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Card-by-Yankees Card: The 1977 Topps Set, Cards #496, Gary Thomasson (Article 96)

by Paul Semendinger

(Continuing a series…)


Gary Thomasson might have been the first Yankee acquisition that I didn’t understand. The Yankees picked up Thomasson on June 15, 1978 in a trade for Mickey Klutts and Del Alston.

Why the Yankees needed Thomasson was beyond me. The day before the Yankees acquired Thomasson, they picked up Jay Johnstone in a trade for Rawly Eastwick.

Johnston was batting .179 at the time of the trade.

Thomasson was batting .201.

No, neither guy was setting the world on fire.

Both players were left-handed hitting outfielders who were often platooned. Neither was an everyday player. And they both filled the exact same role.

At the same time, the Yankees already had some outfielders on the team. They had Mickey Rivers, Roy White, Reggie Jackson, and Lou Piniella. They also had the lefty-swinging Jim Spencer as a back-up first baseman. I don’t think the Yankees really needed another lefty bat, Johnstone or Thomasson. Nothing personal, but especially not Thomasson. If ever there was a redundancy on a baseball team, this was it. It was like having a back-up for the back-up. If the Yankees had acquired Thomasson before Jay Johnstone, that would have been one thing, but to get him after made no sense.

Jay Johnstone would appear in 36 games for the 1978 Yankees. He batted .262/1/6.

Gary Thomasson would appear in 54 games for the 1978 Yankees. He batted .276/3/20.

I guess the Yankees made it work because they did win the World Series that year.


It seems clear that of the two players, between Johnstone and Thomasson that Gary Thomasson was the better of the two. He had a little more power and hit for a higher average. He played in more games. He was also younger. Thomasson was 26-years-old. Jay Johnstone was 32.

So, when choosing between the two, it also made no sense that the Yankees traded Thomasson after the season (in February 1979) to the Dodgers for catcher Brad Gulden.

Gary Thomasson would play two seasons for the Dodgers. He didn’t do well. In 195 games, he batted .239 with only 15 homers and 57 runs batted in.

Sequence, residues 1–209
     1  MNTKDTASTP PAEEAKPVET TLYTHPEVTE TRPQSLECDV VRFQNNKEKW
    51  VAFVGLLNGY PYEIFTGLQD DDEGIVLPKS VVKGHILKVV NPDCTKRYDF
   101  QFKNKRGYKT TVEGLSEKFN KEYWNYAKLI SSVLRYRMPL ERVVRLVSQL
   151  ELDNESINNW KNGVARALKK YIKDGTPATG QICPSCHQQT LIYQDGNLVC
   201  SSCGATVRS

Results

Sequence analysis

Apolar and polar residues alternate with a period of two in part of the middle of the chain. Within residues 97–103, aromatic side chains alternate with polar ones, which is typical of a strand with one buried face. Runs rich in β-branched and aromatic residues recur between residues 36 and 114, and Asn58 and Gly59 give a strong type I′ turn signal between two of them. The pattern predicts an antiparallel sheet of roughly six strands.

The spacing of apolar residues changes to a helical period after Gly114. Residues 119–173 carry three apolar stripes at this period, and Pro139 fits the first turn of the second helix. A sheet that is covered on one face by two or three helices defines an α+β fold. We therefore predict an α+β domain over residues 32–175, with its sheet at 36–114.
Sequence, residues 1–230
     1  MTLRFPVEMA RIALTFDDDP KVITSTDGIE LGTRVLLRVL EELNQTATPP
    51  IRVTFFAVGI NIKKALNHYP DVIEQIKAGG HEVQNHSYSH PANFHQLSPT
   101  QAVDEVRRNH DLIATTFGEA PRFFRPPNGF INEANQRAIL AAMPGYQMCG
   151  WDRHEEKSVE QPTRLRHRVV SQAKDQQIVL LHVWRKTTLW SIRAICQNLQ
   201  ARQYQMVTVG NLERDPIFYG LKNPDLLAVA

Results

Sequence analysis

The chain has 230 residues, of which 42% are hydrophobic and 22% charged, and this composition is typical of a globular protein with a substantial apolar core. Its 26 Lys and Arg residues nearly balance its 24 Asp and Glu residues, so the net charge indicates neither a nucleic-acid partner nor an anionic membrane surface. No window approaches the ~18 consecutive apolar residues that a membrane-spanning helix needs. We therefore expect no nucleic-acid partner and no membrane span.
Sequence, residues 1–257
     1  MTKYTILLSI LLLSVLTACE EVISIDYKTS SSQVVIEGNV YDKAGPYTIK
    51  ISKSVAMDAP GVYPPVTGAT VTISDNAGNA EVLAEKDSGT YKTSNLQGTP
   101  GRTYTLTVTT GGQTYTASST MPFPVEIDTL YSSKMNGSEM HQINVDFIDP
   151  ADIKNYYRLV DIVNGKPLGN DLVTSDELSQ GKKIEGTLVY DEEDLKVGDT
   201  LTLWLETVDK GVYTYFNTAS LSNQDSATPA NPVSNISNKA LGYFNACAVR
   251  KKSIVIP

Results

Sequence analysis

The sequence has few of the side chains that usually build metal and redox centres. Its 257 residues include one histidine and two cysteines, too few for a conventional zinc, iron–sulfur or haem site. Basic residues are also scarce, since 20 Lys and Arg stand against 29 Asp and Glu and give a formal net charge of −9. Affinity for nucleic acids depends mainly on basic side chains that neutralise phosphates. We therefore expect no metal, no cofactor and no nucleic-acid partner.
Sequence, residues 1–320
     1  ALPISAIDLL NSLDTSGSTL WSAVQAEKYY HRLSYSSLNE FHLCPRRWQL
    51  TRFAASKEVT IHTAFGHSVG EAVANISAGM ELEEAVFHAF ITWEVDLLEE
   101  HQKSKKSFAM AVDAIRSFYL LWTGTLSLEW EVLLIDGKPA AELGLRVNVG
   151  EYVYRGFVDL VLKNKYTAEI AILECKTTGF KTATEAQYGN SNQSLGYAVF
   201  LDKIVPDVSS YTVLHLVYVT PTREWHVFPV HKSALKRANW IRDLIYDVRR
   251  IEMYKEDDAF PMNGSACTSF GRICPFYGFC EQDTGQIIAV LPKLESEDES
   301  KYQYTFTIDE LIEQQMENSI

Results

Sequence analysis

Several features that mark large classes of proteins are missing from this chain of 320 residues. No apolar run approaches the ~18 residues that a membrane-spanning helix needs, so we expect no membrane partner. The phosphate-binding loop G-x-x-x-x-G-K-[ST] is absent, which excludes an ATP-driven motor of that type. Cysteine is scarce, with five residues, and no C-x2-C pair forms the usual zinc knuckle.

Thomasson’s Major League career was over after the 1980 season.


For the 1981 season, Gary Thomasson went to play in Japan. It is sad to note that that didn’t go well, at all.

In 1981 Thomasson played well for the Yomiuri Giants (Roy White was also on that team). Thomasson batted .261 with 20 homers. That was the good news. The bad news was he struck out a lot. A ton. He earned a nickname, “The Giant Human Fan.” Man, it would be bad enough to be called “The Guy Who Strikes Out A Lot.” It would be even worse to be called “The Human Fan.” But the “Giant Human Fan.” Oh boy, that would be bad! In that first year, Thomasson led Japan’s central league in strikeouts. He didn’t play the least few games of the season, if he had, he might have set the all-time Japanese record for strikeouts in a single season.

In 1982, though, it all fell apart. Baseball can be a mean and tough game. Thomasson batted only .187 and hit no homers. It was a disaster of a season. But it got worse. Thomasson didn’t just get a nickname, his poor performance eventually coined a new word in the Japanese language. There is a term in Japan called “Thomasson” which refers to an obsolete or useless manmade feature in the urban landscape that serves no purpose. This website provides great examples of these.

Imagine having a name that means, “useless.” I guess that’s what batting .187 might do for a player. I’d like to think that maybe we live in kinder times.

I have never seen an interview with Gary Thomasson where he refers to this.


It made little sense for the Yankees to acquire Gary Thomasson.

After he preformed well, it made littler sense to let him go (unless the Yankees knew that his career was about to plummet.)

Going to play in Japan probably seemed like a great idea at the time for Gary Thomasson.

Alas, it wasn’t.


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